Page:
Cory and I were nesting, I guess. It was just before we bought the beach house and installed the — you guessed it — wood-burning stove. Just in time for our first Pt. Pleasant winter. A cord of firewood was delivered that simply would not burn right. Each log would only smolder. For hours. No matter how hot the oven.

We stood there, anyway, in front of the chest at the furniture store trying to get up our nerve to sign the check. The saleswoman pulled out the bottom drawer and stepped in, to prove how strong it was. And, I think, to show how nice her legs were. I’m glad we bought it. Even if it’s petite drawers are hardly big enough to hold like a single pair of socks.

When I bought these socks, the girl behind the register told me that she knew me. “I’m Chelsea White,” she said. “I took a class with you when I was in art school. And I actually came out in your class!”

I smiled. But I was hit with this unfortunate pang of anger, this regretful little voice in my head asking: “Shouldn’t she give me the socks? As a small token of her appreciation?” Oh well. I leaned in, raised my hand, and gave her a high-five. There was something glorious about our arching clapping palms over the cash register and the rack of lip gloss. And the colorful scrunchies.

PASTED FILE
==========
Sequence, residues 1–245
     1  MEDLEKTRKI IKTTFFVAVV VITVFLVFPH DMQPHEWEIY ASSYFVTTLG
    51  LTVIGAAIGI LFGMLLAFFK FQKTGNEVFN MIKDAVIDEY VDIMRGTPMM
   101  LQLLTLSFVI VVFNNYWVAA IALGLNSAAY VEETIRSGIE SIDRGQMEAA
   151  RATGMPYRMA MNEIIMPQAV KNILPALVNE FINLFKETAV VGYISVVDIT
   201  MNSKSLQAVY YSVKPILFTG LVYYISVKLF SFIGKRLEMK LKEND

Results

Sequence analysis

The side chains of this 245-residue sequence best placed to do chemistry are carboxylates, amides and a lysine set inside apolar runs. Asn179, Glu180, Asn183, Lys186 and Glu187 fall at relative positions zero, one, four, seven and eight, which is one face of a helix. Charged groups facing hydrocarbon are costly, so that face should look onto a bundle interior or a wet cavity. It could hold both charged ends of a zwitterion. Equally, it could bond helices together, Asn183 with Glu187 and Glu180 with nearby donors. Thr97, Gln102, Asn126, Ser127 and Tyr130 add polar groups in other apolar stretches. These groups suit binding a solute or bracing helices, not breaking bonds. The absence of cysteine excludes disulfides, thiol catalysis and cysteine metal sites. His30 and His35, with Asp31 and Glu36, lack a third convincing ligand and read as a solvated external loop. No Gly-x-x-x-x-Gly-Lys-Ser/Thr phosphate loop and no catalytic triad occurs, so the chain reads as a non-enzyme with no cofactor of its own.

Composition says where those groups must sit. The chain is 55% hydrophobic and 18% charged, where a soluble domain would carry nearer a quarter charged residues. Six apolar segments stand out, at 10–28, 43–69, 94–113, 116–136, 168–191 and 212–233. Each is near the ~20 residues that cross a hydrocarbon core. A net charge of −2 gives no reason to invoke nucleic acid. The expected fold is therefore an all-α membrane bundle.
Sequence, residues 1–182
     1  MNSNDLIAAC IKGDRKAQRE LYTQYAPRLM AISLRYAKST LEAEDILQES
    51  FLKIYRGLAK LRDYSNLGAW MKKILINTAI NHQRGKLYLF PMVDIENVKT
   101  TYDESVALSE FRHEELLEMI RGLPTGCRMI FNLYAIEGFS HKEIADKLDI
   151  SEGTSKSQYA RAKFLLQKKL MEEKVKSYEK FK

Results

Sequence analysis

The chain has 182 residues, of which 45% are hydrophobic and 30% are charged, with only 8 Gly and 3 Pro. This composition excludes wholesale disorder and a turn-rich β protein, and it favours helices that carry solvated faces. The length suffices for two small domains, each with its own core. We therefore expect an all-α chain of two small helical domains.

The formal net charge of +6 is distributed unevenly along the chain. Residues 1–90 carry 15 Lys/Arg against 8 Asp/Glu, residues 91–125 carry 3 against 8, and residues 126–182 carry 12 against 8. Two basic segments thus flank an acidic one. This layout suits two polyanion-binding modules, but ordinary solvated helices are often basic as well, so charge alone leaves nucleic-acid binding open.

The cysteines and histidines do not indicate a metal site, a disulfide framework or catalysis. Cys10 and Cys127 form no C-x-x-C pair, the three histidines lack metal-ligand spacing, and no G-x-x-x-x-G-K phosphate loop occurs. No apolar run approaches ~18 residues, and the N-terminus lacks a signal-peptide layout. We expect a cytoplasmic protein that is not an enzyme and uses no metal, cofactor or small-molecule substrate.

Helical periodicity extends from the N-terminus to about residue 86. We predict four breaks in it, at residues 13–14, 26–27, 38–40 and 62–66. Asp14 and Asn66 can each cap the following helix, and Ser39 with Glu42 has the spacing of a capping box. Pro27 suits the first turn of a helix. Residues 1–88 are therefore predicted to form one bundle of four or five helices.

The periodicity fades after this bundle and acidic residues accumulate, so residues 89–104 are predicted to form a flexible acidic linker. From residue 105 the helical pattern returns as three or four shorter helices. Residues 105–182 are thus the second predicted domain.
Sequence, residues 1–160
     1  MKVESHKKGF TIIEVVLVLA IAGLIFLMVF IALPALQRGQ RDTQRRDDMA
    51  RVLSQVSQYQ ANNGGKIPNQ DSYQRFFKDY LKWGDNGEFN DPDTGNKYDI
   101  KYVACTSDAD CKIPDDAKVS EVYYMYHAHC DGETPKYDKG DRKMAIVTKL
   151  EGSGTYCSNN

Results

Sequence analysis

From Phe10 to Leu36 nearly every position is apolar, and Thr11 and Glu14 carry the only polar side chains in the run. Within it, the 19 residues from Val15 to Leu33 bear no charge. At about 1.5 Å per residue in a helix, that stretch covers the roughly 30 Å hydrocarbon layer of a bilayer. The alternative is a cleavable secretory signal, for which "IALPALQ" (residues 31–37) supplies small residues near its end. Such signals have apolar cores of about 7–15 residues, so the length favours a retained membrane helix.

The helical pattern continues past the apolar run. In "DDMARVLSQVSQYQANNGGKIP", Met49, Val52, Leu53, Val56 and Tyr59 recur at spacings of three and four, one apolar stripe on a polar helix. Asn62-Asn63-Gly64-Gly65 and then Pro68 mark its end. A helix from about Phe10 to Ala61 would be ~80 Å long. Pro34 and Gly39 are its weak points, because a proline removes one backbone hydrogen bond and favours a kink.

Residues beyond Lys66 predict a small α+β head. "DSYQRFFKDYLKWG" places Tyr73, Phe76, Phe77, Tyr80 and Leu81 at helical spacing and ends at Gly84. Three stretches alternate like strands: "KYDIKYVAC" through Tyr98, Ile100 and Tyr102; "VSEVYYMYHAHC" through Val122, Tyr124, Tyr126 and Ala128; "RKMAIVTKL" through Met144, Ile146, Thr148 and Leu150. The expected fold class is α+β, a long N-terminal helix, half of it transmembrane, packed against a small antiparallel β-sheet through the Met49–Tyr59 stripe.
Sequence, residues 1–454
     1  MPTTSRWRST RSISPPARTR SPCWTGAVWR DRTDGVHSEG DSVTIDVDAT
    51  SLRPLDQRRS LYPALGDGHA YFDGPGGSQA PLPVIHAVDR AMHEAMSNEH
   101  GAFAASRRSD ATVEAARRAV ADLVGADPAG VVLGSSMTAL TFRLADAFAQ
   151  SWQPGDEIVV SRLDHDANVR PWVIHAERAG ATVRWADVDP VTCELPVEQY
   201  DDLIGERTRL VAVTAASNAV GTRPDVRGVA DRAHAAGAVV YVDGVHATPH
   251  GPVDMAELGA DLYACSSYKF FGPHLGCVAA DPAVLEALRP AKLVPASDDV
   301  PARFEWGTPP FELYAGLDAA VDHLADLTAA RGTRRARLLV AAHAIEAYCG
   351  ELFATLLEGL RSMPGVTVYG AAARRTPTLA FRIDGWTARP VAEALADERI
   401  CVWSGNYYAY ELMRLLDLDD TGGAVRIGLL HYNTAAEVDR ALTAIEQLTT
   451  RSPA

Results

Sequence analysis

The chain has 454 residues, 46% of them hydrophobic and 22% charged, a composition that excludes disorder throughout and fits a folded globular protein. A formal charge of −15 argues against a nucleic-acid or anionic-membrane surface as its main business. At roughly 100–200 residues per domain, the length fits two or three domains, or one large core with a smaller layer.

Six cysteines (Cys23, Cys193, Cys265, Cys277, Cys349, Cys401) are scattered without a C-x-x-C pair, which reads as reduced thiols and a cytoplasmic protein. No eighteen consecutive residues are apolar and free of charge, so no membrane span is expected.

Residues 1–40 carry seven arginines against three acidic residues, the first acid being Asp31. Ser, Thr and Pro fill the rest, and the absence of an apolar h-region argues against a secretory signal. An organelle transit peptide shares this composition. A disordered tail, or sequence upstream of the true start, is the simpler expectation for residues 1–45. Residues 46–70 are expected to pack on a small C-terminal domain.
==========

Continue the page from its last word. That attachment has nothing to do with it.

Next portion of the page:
What is that

hanging over the side of the bun? I’ll tell you what it is. It’s an orange slice of cheese. It grips the ledge of the burger. But it certainly is not one with the burger. It is its own thing. An autonomous structure. I can imagine it so much bigger. Oldenbigger. Like Oldenburg-er.

I’d like to scale it up and create a monumental, wrestling-mat-sized Kraft Single. You know? Foam dipped in some kind of orange rubber. I’d like to feel it pucker. Under the weight of my wrestling shoes (and in my wrestling singlet).

Did I tell you yet about my idea to substitute the orange dye with black dye? I mean, like, why should American cheese be orange? I want American cheese to be black. Matte black. To look like black leather. Imagine a hamburger in a black leather jacket.

Yesterday was somber and somehow a held breath of the day-by-day inhalation-exhalation of it all. I’m reminded of poor Hitoshi. Who fell from a ladder to his premature death.